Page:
assumptions of each solution specified which entity is the origin of
the trust. Indeed, the binding between address and binding anchor is
actually the derivative of the assumptions based on the principles of
binding set up. The conflict in identifier field of address is
specified in the above sections. This section specifies the conflict
in prefix field from different assumptions.
[RFC2119] Bradner, S., "Key words for use in RFCs to Indicate SAVI FCFS and SAVI DHCP trust routers to get the legitimate prefixes
Requirement Levels", BCP 14, RFC 2119, March 1997. for local link; however, only RADV validated by SEND is trusted by
SAVI SEND. In this solution, if any SAVI solution regards a prefix
to be valid, the prefix is valid for the whole mechanism.
5.2. Informative References 7. Security Considerations
[I-D.ietf-savi-dhcp] As described in [savi-framework], this solution cannot strictly
Wu, J., Yao, G., Bi, J., and F. Baker, "SAVI Solution for prevent spoofing. There are two scenarios in which spoofing can
DHCP", draft-ietf-savi-dhcp-10 (work in progress), still happen:
July 2011.
[I-D.ietf-savi-fcfs] 1. The binding anchor is spoofable. if the binding anchor is
Nordmark, E., Bagnulo, M., and E. Levy-Abegnoli, "FCFS spoofable, e.g., plain MAC address, an attacker can use forged
SAVI: First-Come First-Serve Source-Address Validation for binding anchor to send packet which will not be regarded as
Locally Assigned IPv6 Addresses", draft-ietf-savi-fcfs-09 spoofing by SAVI device. Indeed, using binding anchor that can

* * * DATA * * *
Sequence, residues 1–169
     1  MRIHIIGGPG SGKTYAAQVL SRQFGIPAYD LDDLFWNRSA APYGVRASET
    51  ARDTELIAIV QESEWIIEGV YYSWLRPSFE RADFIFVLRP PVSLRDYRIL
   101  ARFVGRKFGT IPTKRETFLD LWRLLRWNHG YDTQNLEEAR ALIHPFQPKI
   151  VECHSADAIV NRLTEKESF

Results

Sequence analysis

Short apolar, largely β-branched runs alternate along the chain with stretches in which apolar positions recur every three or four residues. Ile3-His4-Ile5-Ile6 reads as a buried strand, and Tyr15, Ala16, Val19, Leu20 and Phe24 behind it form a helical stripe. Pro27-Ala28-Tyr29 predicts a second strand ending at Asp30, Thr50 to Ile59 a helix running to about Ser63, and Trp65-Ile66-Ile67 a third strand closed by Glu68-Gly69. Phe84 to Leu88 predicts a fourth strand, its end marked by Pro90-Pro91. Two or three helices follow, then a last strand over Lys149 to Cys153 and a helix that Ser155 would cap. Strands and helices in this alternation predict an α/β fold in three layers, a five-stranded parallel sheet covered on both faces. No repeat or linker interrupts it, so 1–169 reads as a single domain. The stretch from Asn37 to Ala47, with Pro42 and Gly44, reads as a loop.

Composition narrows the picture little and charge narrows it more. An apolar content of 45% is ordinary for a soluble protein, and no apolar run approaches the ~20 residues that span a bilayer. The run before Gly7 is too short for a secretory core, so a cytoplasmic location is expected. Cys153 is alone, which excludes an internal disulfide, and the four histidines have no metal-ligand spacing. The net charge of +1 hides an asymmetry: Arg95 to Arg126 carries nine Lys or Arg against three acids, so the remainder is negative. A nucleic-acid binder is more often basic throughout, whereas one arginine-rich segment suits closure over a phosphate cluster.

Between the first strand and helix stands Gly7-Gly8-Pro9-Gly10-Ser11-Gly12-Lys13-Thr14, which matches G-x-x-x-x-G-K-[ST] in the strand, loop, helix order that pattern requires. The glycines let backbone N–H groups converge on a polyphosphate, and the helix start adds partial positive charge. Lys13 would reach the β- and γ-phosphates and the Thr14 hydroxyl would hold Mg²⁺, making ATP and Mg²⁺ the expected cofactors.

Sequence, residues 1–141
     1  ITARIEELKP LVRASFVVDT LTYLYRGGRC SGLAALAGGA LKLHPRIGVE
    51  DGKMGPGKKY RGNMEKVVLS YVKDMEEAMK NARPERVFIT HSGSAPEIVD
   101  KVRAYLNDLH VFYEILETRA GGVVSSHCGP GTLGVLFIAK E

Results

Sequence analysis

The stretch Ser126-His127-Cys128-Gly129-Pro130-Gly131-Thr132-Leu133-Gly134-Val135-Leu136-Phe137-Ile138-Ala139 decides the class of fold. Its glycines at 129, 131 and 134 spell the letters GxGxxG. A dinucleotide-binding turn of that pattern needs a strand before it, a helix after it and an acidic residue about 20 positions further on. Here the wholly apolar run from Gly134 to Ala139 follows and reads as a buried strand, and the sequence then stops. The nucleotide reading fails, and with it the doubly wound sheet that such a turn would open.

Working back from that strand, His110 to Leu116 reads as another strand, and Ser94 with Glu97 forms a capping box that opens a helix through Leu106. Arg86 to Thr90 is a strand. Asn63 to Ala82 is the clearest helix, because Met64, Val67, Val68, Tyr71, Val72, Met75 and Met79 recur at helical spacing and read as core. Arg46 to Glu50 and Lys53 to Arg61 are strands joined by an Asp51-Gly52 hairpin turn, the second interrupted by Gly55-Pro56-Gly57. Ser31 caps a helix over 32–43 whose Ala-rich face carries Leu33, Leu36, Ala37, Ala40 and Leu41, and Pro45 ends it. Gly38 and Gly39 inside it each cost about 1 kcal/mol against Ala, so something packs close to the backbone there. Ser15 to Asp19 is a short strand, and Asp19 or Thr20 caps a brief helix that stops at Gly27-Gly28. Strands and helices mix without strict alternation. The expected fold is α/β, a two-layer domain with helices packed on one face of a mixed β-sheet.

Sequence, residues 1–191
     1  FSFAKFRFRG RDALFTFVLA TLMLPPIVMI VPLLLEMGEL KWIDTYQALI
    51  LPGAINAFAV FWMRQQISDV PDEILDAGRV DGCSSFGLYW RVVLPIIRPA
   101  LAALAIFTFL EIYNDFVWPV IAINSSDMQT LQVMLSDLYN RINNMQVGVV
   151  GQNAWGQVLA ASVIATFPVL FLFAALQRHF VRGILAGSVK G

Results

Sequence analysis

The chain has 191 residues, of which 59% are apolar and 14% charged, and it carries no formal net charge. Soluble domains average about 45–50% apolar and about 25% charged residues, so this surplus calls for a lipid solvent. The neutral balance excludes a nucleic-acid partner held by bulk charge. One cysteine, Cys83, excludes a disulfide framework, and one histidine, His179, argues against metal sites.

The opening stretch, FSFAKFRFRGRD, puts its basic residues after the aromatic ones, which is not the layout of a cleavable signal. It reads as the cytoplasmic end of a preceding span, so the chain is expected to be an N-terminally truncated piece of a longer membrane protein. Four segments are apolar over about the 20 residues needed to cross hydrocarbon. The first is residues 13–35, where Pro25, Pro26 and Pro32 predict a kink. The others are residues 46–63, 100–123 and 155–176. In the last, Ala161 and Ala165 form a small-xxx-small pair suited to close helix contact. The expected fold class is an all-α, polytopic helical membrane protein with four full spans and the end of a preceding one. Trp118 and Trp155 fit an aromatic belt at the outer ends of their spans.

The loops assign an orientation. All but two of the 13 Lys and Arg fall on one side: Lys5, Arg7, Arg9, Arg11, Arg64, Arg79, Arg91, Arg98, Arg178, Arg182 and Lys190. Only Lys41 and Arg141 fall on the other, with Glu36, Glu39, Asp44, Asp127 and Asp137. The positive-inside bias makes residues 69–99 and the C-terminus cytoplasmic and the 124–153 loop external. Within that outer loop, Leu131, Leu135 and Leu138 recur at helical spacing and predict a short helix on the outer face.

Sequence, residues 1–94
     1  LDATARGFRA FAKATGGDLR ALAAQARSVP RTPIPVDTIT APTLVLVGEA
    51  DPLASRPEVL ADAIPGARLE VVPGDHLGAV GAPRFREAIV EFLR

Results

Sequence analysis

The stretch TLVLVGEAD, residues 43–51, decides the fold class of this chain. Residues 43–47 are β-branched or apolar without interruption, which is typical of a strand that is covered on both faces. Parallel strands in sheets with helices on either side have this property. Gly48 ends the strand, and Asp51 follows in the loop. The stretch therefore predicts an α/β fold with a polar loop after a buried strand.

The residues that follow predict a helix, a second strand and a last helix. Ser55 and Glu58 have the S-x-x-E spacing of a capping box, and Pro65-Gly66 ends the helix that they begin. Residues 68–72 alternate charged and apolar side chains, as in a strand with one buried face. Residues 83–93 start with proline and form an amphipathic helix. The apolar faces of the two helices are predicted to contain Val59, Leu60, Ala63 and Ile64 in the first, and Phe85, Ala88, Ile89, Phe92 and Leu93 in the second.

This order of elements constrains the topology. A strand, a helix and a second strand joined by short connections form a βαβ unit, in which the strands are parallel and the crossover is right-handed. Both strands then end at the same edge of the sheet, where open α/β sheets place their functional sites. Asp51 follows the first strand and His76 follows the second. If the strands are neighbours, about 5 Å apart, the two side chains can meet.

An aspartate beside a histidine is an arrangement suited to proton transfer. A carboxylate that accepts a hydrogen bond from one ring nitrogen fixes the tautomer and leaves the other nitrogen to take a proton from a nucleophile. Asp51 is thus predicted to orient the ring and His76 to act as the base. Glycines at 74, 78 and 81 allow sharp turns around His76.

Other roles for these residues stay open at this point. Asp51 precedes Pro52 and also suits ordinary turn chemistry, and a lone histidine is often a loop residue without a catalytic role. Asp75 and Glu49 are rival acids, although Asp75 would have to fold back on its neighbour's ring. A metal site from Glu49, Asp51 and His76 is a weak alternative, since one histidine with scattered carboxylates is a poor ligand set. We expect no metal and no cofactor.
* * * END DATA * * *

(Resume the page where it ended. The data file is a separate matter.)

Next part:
(work in progress), April 2011. be easily spoofed is dangerous. An attacker can use the binding
anchor of another host to perform a lot of DHCP procedures, and
the SAVI device will refuse to set up new binding for the host
whenever the binding number limitation has been reached. Thus,
it is RECOMMENDED to use strong enough binding anchor, e.g.,
switch port, secure association in 802.11ae/af and 802.11i.
[I-D.ietf-savi-framework] 2. The binding anchor is shared by more than one host. If the
Wu, J., Bi, J., Bagnulo, M., Baker, F., and C. Vogt, binding anchor is shared by more than one host, they can spoof
"Source Address Validation Improvement Framework", the addresses of each other. For example, a number of hosts can
draft-ietf-savi-framework-05 (work in progress), attach to the same switch port of a SAVI device through a hub.
July 2011. The SAVI device cannot distinguish packets from different hosts
and thus the spoofing between them will not be detected. This
problem can be solved through not sharing binding anchor between
hosts.
[I-D.ietf-savi-send] 8. IANA Considerations
Bagnulo, M. and A. Garcia-Martinez, "SEND-based Source-
Address Validation Implementation",
draft-ietf-savi-send-06 (work in progress), October 2011.
[RFC2460] Deering, S. and R. Hinden, "Internet Protocol, Version 6 This memo asks the IANA for no new parameters.
(IPv6) Specification", RFC 2460, December 1998.
[RFC3315] Droms, R., Bound, J., Volz, B., Lemon, T., Perkins, C., Note to RFC Editor: This section will have served its purpose if it
and M. Carney, "Dynamic Host Configuration Protocol for correctly tells IANA that no new assignments or registries are